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A Look at SuperNova 1987A - Thirty Years Later

04/08/2017 07:25PM

A Look at SuperNova 1987A - Thirty Years Later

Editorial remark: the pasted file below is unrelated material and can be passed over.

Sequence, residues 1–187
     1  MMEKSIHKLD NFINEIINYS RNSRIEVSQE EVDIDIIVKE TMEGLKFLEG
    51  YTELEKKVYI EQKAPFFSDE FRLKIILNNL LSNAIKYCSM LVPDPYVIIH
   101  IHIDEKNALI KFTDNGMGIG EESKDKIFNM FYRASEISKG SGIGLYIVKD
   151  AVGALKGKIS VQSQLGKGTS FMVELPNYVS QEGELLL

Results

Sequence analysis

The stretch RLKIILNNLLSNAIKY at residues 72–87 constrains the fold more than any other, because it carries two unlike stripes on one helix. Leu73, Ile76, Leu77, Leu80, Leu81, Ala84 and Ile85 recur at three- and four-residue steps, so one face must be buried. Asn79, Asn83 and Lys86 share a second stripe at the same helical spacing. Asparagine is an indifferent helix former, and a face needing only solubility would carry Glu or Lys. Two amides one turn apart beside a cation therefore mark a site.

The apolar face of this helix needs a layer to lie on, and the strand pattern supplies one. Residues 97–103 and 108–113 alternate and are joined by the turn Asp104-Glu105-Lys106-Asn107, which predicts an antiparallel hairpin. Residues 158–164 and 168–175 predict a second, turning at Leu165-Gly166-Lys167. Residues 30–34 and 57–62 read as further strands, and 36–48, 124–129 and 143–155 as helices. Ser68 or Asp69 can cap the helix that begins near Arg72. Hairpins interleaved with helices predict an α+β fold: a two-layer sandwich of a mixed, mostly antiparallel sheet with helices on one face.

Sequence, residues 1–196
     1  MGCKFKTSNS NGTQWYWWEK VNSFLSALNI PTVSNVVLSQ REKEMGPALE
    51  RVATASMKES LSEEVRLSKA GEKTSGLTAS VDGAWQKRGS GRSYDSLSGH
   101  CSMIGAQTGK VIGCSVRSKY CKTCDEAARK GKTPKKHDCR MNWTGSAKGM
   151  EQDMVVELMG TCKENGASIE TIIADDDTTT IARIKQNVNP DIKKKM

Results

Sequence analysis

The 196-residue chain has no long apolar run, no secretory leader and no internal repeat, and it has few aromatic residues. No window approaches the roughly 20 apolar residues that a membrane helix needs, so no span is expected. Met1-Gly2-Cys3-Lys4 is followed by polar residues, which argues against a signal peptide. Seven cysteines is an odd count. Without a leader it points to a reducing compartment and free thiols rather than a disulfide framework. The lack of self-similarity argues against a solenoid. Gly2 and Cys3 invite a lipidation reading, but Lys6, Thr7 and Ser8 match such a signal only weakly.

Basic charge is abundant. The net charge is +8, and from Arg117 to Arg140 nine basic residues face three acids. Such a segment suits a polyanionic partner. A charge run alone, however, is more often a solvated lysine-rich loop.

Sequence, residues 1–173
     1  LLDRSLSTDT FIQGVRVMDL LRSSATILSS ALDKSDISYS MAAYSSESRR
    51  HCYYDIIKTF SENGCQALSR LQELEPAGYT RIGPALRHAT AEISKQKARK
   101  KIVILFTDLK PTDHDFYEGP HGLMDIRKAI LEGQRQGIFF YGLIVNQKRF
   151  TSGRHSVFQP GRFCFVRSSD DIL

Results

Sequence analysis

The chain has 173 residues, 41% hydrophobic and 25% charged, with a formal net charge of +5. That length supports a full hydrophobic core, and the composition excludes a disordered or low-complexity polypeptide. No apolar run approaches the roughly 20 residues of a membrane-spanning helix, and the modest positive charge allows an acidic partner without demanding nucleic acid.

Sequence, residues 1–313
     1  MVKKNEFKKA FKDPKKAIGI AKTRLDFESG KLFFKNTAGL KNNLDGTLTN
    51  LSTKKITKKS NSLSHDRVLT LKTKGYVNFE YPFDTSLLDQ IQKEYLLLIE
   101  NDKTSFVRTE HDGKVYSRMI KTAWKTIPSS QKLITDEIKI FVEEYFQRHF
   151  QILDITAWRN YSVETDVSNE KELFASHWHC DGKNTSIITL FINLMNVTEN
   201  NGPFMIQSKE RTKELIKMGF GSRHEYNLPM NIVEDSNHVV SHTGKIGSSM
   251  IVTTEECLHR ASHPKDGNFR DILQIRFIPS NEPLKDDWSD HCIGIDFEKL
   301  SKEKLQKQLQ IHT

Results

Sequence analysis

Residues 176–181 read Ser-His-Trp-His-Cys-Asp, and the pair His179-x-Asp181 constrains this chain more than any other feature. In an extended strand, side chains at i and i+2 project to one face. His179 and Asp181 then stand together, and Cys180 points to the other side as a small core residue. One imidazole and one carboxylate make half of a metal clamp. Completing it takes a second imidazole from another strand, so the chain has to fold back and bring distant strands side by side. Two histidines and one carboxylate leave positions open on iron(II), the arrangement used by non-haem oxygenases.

Three decades ago, astronomers spotted one of the brightest exploding stars in more than 400 years. The titanic supernova, called Supernova 1987A (SN 1987A), blazed with the power of 100 million suns for several months following its discovery on February 23, 1987. Since that first sighting, SN 1987A has continued to fascinate astronomers with its spectacular light show. Located in the nearby Large Magellanic Cloud, it was the nearest supernova explosion observed in hundreds of years and provided the best opportunity yet for astronomers to study the phases before, during, and after the death of a star. Recent data from the Hubble Space Telescope, the Chandra X-ray Observatory, and the Atacama Large Millimeter-Submillimeter Array (ALMA) indicates that SN 1987A has passed an important threshold as the supernova shock wave blasts through the dense ring of gas initially expelled by the pre-supernova star.


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